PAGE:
Rudy Gay has struggled some this year coming back from a shoulder injury. Aside from that, he does essentially the same things offensively as Anthony, Durant, and James, but he's worse at them. He's also probably the worst defender of that group, outside of Anthony.
That eliminates the low-hanging fruit. At this point, it may be easier to simplify the conversation by stating who the absolute locks are.
None. (More on this in a later post.)
It is likely that Coach K will want to keep at least 3 bigs, as in 2008 and 2010. That leaves two guaranteed spots open for the Love, Aldridge, Griffin, Chandler, Bosh set, with potentially another depending on how things shake out on the wings. The biggest concerns out of this spot for Team USA will be rebounding, pick and roll defense, and protecting the basket. Shooting is much less of a concern assuming Team USA again runs the Coach K/D'Antoni 4 out 1 in offense, in which the big man rarely floats to the perimeter. Post-ups have also been pretty much non-existent in past years, and with the other firepower on the floor it's hard to imagine that many post-ups will be called for anyone in this group.
Ironically, the worst NBA player of this group, Tyson Chandler, would seem to fit these needs the best. He has international experience with the '07 and '10 teams. He's also the only one of these players who has the length to effectively guard postups from the Gasol brothers if Howard gets in foul trouble. While I wouldn't expect to see Chandler get a ton of minutes, I think he should be on the team solely for the matchup with Spain, which to these eyes is the only team with a reasonable ( > 10%) chance of beating Team USA in London. (Sadly, with the demise of Greece and Argentina, who else really provides a threat? France? Brazil? Serbia?)
Griffin is probably the best NBA player on this list, but I don't really see how he adds much to this team, especially with Coach K's proclivity for playing smaller but superior players like James and Durant at the 4. Griffin is generally regarded as a poor defender and is not a good basket protector. Griffin is also a bad foul shooter. It would also be nice if Howard's backup were a reasonable foul shooter to protect against a Hack-a-Dwight strategy. While this strategy is a poor choice in the NBA, the higher offensive efficiencies in international basketball could make it a reasonable strategy in the last few minutes of a close game, especially if an opponent were trailing.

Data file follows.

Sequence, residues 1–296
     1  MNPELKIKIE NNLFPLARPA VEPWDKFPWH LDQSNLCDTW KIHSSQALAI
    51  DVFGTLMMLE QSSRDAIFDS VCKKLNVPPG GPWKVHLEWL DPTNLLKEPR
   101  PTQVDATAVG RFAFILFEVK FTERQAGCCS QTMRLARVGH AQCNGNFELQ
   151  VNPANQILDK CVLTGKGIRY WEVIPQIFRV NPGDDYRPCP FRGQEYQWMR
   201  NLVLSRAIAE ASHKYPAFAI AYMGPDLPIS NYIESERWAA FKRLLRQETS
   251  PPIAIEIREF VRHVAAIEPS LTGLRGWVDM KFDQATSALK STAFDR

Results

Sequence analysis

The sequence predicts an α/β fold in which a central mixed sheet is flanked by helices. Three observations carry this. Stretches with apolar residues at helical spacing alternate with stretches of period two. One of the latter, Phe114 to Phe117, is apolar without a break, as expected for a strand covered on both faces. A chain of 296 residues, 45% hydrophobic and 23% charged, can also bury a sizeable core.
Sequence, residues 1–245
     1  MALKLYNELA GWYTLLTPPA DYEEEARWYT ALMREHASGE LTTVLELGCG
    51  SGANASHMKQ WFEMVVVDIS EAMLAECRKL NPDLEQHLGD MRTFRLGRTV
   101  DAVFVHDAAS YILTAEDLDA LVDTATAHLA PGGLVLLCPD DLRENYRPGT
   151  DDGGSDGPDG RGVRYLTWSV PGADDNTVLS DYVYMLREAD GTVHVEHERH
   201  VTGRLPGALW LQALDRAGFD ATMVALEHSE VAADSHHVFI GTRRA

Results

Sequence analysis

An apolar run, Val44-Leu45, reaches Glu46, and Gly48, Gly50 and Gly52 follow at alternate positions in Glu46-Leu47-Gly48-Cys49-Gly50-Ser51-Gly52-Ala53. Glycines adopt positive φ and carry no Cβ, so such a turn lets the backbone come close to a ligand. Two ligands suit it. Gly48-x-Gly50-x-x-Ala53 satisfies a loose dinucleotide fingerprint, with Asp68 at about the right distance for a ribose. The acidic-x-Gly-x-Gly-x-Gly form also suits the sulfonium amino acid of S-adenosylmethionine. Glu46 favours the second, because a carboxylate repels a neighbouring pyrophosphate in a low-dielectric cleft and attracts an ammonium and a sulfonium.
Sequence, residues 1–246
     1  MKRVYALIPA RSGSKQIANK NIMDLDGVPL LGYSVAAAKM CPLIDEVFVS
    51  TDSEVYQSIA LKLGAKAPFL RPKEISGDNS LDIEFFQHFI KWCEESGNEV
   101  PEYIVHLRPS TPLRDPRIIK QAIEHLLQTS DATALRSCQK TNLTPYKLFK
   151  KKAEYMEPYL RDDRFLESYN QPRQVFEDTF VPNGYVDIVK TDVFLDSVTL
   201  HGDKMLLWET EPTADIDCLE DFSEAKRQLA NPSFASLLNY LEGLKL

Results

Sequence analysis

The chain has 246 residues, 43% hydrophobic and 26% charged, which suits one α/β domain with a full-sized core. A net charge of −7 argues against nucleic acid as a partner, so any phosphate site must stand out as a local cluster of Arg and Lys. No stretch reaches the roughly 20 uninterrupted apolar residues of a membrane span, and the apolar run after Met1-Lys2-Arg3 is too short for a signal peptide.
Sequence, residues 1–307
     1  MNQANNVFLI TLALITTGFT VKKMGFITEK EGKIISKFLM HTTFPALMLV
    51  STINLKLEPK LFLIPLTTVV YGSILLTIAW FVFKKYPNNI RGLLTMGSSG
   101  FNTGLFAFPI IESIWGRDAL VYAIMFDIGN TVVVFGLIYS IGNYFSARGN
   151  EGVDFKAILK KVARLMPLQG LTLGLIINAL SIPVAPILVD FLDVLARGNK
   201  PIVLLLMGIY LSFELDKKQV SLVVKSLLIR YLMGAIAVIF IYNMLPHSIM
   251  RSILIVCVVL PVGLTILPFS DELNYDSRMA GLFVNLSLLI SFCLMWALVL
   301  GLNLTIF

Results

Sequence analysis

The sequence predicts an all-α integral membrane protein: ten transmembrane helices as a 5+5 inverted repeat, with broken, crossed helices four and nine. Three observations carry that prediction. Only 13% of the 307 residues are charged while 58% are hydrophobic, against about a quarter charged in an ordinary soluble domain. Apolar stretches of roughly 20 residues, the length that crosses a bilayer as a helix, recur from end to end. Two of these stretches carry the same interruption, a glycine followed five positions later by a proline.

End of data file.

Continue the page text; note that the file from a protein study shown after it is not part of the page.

Love suffers from the same defensive limitations as Griffin, and may even be a worse pick and roll defender. I would be more inclined to pick him over Griffin though, as he's good 3 point shooter, and his unparalleled offensive rebounding could provide something nobody else can. He might be an especially effective player against a zone with these two attributes, and he also makes his foul shots.
The only real advantage to Aldridge is he's probably the best post-up scorer of this bunch. But the impact of that skill is muted. Aside from that, he's a poor rebounder for a big, although his pick and roll defense is solid.
That leaves Chris Bosh. Bosh has the advantage of having played this same backup big roll to some acclaim in 2008, when he earned raves for his pick and roll defense from all but the Raptors fans who wondered how this could be the same guy who "anchored" the team's 22nd ranked defense the following year. Since then, he has bulked up and presumably acquired more of a defensive mentality in Miami. He's in.
The hypothetical team now consists of Durant, James, Howard, Bryant, Wade, Chandler, and Bosh, leaving 5 spots to fill in the next post.